Futures were higher Thursday, with major averages looking to extend their gains from the previous session's sharp rally after the Federal Reserve surprised markets by opting to maintain its $85 billion-per-month asset purchases.
On the economic front, the number of Americans filing new claims for jobless benefits rose 15,000 to a seasonally adjusted 309,000, according to the Labor Department. But analysts said the reading was distorted as two states were still working through a backlog of unprocessed claims from last week.
Existing home sales, Philadelphia Fed survey and leading indicators will all be released at 10 am ET.
On Wednesday, Fed Chairman Ben Bernanke said the central bank was not ready to cut back on stimulus measures, citing tightening financial conditions that could hurt employment. The decision surprised Wall Street analysts who had expected a $10 billion to $15 billion reduction in the central bank's $85 billion-a-month bond purchases.
Stocks ripped higher following the announcement, with the Dow and S&P 500 setting fresh highs.
The Fed cited rising mortgage rates for its decision, and also blamed Washington, where Congress is heading toward another showdown on the debt ceiling. On Wednesday, President Barack Obama told a gathering of business leaders that Washington was stuck in a stalemate over budgets, debt and healthcare costs, leaving government unable to function properly.
"Federal fiscal policy continues to be a restraint on growth and a source of downside risk," Bernanke said in a press conference following the Fed announcement.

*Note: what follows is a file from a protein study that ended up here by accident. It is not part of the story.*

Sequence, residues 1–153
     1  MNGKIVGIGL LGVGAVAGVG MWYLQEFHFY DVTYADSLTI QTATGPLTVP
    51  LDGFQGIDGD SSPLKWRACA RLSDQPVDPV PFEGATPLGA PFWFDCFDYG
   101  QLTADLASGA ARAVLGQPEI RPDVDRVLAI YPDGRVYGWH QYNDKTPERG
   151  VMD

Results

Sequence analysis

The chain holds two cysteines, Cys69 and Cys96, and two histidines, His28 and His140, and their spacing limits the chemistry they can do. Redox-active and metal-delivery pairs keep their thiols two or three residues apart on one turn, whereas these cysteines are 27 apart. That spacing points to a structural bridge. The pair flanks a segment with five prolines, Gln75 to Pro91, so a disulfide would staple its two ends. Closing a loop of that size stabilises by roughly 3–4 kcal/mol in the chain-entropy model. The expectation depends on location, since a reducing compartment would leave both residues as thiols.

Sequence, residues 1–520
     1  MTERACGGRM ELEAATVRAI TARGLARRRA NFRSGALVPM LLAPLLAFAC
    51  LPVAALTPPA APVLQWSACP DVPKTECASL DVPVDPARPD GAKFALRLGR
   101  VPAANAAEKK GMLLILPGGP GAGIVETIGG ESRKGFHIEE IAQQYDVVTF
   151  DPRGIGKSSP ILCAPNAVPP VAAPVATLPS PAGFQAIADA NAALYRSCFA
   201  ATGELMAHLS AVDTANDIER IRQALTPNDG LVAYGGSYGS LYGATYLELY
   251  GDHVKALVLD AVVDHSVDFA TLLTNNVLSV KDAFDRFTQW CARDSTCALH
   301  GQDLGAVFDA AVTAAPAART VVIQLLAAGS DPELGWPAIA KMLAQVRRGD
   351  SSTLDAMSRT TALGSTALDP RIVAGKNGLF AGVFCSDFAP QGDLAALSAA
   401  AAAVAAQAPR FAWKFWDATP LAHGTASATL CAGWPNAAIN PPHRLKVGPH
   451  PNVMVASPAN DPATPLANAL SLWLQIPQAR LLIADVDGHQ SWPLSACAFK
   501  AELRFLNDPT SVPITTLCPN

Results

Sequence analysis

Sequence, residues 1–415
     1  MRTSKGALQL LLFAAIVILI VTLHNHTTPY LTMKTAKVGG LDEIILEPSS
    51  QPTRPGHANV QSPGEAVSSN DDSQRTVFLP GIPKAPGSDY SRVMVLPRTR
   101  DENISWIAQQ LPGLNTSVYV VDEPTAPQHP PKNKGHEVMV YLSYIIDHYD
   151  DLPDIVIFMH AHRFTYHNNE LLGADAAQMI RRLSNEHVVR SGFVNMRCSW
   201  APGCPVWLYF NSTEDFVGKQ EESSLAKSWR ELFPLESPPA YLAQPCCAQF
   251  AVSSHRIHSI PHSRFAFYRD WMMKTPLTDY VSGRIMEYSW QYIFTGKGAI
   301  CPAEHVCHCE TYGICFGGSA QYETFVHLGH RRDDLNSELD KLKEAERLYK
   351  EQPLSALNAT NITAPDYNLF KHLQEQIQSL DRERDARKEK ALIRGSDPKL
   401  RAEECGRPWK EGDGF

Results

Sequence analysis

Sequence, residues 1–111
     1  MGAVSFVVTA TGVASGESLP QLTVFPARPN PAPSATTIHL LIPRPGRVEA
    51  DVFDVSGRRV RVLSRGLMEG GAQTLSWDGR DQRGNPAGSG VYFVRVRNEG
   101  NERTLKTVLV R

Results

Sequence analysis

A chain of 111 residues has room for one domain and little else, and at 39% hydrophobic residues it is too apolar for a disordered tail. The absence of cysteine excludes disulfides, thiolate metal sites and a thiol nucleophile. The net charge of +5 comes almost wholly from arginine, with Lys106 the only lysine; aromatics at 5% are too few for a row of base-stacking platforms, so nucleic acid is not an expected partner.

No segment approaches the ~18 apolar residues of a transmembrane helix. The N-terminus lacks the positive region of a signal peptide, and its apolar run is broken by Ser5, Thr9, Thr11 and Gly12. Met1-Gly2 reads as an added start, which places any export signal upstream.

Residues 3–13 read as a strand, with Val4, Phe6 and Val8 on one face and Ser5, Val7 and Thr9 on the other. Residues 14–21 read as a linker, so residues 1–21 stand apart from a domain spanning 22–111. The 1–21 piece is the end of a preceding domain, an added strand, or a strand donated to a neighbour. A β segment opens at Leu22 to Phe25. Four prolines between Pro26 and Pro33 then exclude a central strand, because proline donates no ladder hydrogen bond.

(Read more: Next up for the market? Government shutdown!)
Asian and European equity markets enjoyed a risk-on rally on Thursday on the news. Emerging markets led the gains, as investors searched for higher-yielding assets, on the expectation that the Fed's continued liquidity boost would benefit these countries.
Daiwa's Chris Scicluna said the Fed's silence on when it might start tapering suggested it might not start scaling back stimulus measures until 2014.
"The FOMC (Federal Open Market Committee) again was content to leave uncertainty persisting over quite when exactly it might start to taper, with (Chairman Ben) Bernanke emphasizing that there is no fixed time-table, and that the Committee's decisions about the pace of purchases will be data-contingent, as well as dependent upon a cost-benefit analysis of the program. So, while still possible, there is far from a done deal that tapering will start by year-end," Scicluna said in a research note.
Groupon rallied after Stifel raised its rating on the daily-deal site to "buy" from "hold."
JPMorgan Chase edged higher after the financial giant said it will pay approximately $920 million in penalties to regulators in two countries to settle some of its potential liabilities from its $6.2 billion London Whale derivatives loss last year.
Among earnings, Rite Aid shot higher after the drugstore chain lifted its earnings forecast for the year after posting a fourth-straight quarterly profit.
ConAgra slipped after the packaged foods maker forecast current-quarter earnings below expectations, due to weakness in its consumer foods division.
—By CNBC's JeeYeon Park (Follow JeeYeon on Twitter: @JeeYeonParkCNBC)
On Tap This Week:
THURSDAY: Existing home sales, Philadelphia Fed survey, leading indicators, natural gas inventories, Fed's Pianalto speaks, Fed balance sheet/money supply, Microsoft analyst mtg, Nike shareholder mtg, weekly rail numbers
FRIDAY: Fed's George speaks, Fed's Bullard speaks, Fed's Kocherlakota speaks, quadruple witching, new iPhones in stores
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